Nadal finally wins on hard surface : beats Juan Martin del Potro in Indian Wells final
Rafael Nadal continued his stunning return to action with victory over Juan Martin del Potro in the final of the BNP Paribas Open in Indian Wells.
The Spaniard, playing his first hard-court tournament in a year following a knee injury, won 4-6 6-3 6-4.
He adds Indian Wells to the clay-court titles he won in Brazil and Mexico since his comeback in February.
It was confirmed on Sunday that Nadal will not play in Miami next week, with European clay next on his schedule.
"I need more power in the left leg quadriceps, so I need to keep working hard. The competition is hard for the body, so after four fantastic weeks I can't go to Miami. I need to prepare and rest for the next one."
He heads back to Europe having surpassed all expectations, ending the first stage of his comeback with victory in one of the biggest hard-court tournaments in tennis, which featured all the world's leading players.
Nadal says his left knee has good days and bad, and had played down his chances on the more punishing hard courts, but it appears he is already back to his best whatever the surface.
"It's probably one of the most emotional victories of my career," said Nadal, who has now played 600 matches.
Del Potro, 24, played his part in a tremendous final and went close to following up wins over Andy Murray and Novak Djokovic by making it a hat-trick with Nadal.
The Argentine came back from 0-3, 15-40 to take the first set and move a break up in the second with a run of nine games out of 11, and victory was in sight at a set and 3-1 up.
Nadal was not done, however, and wrestled the momentum back as he began to win the battle of two of the biggest forehands in the game.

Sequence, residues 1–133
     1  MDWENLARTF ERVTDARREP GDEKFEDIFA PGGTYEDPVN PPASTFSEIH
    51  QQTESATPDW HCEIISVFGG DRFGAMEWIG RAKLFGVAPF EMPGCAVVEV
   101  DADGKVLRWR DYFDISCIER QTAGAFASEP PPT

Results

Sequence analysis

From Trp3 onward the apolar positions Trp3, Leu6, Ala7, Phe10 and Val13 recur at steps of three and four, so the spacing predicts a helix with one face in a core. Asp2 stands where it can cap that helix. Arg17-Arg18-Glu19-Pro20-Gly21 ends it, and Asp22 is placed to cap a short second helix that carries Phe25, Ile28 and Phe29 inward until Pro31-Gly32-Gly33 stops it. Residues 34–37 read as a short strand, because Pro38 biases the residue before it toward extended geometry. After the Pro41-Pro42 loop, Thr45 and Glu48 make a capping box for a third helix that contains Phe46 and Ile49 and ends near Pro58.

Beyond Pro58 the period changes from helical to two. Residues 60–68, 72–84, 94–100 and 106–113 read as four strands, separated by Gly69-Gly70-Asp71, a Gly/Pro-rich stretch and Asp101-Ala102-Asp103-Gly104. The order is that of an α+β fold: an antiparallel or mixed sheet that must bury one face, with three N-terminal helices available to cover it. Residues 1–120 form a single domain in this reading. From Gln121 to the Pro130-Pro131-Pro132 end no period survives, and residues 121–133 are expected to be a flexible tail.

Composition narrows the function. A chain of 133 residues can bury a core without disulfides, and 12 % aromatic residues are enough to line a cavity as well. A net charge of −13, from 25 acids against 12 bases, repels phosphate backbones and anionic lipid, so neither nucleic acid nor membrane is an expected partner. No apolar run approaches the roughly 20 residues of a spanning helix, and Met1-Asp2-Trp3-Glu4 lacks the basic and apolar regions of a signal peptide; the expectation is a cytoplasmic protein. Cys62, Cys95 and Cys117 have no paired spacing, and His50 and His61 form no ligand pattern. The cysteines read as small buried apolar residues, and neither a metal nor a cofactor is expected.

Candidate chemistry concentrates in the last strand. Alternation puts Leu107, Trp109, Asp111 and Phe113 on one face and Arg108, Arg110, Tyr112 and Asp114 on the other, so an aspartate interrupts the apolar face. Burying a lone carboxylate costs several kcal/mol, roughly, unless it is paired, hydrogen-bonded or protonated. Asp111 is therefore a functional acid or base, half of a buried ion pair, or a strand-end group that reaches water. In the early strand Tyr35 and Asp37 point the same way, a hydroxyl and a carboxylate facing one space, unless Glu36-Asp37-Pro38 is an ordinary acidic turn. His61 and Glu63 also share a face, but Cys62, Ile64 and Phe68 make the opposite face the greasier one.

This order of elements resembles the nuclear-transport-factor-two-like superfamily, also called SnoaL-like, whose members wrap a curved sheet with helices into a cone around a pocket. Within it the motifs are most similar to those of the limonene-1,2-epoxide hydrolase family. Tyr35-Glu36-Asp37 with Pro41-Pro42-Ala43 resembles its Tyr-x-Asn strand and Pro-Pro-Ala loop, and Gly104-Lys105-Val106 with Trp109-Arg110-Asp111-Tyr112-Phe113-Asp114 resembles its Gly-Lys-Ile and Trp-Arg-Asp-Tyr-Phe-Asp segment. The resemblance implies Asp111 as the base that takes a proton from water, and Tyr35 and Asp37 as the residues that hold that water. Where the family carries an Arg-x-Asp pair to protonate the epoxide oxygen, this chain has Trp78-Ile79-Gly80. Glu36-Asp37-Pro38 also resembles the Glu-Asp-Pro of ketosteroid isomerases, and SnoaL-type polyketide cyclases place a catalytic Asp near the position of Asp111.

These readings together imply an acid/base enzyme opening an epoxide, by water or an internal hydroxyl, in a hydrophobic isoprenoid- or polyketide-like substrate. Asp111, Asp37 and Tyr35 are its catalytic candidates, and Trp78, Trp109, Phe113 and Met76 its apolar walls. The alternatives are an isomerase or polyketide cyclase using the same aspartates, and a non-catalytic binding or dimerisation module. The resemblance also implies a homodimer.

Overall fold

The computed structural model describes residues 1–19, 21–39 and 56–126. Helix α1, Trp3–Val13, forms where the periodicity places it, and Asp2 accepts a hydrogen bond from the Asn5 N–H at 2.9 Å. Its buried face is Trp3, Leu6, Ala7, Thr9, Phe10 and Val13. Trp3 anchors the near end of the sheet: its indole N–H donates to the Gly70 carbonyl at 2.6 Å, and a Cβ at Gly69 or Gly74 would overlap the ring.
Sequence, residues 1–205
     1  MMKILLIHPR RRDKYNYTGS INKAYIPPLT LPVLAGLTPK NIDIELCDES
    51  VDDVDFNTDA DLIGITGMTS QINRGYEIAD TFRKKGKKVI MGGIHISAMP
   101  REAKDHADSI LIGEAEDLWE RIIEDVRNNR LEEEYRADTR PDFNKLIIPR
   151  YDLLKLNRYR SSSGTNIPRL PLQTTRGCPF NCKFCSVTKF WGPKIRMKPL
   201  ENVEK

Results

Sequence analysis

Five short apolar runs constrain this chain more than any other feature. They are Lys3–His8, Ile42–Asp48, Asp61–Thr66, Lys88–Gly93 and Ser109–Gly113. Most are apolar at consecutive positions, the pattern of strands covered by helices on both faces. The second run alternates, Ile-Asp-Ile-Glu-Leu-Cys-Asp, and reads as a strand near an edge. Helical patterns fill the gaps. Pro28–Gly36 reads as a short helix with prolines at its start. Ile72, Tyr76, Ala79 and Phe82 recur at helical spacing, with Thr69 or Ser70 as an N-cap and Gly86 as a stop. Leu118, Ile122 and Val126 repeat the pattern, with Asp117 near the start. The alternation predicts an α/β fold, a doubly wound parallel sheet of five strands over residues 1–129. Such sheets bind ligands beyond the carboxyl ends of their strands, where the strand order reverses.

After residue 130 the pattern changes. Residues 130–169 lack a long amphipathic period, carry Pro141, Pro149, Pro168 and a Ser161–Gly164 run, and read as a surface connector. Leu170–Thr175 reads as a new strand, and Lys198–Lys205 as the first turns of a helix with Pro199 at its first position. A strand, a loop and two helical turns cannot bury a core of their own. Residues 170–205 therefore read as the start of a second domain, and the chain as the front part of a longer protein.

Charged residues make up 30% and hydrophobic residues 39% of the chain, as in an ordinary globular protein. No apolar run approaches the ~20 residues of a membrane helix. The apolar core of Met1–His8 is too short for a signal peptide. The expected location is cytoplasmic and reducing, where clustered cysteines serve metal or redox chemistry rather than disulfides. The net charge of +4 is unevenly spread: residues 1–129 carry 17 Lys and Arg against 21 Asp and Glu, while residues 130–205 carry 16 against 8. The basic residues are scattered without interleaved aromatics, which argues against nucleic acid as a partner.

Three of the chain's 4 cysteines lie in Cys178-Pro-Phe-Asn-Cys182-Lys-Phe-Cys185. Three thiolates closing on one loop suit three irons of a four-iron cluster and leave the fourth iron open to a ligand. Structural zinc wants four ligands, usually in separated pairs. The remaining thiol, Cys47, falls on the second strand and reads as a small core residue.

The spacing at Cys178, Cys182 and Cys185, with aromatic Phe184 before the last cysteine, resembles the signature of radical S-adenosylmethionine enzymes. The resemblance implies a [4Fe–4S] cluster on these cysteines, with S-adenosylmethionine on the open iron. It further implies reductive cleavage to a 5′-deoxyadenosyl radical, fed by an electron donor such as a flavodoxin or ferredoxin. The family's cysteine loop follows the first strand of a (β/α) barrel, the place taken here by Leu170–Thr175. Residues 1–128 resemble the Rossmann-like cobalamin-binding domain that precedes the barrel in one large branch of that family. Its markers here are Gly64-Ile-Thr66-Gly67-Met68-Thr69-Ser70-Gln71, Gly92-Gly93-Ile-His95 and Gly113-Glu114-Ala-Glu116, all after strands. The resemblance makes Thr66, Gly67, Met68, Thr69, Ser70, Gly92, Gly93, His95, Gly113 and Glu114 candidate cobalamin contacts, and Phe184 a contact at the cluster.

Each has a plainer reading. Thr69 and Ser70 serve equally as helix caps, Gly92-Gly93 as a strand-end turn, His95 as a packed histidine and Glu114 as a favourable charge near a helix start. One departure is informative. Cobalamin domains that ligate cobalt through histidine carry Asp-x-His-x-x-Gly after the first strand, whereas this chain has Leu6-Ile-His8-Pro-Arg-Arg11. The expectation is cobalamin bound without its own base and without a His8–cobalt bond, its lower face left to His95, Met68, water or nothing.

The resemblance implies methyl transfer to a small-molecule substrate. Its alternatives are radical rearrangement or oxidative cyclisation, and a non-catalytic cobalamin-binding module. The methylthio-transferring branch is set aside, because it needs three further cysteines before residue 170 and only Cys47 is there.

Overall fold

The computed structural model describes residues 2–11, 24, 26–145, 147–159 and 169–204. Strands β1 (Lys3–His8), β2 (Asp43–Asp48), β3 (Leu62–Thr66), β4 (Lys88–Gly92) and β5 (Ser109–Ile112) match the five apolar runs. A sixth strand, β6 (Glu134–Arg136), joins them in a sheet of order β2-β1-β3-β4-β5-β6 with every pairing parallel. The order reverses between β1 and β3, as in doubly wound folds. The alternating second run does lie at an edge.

The Spaniard, 25, won five games in succession to force the decider and, after missing a chance to break at the start of the third, he did so with another vicious forehand winner in game three.
There was one final, brilliant cameo from Del Potro as he rescued a desperate situation at 0-40 and three match points down in game nine, but it was only a stay of execution.
Nadal served his way to another championship point and when he finally closed it out, the 11-time Grand Slam champion collapsed to the ground in scenes reminiscent of his major triumphs as he earned a record 22nd Masters title.
"I started the match playing fantastic, then Del Potro started playing a little more aggressive," said Nadal, whose last hard-court title came in 2010.
"In my opinion, I tried to change too early against his forehand. I was playing much too aggressive for my game.
"When I was able to calm myself, I began to play better. I started to play a little bit slower; my movement was unbelievable. Then I play a fantastic match."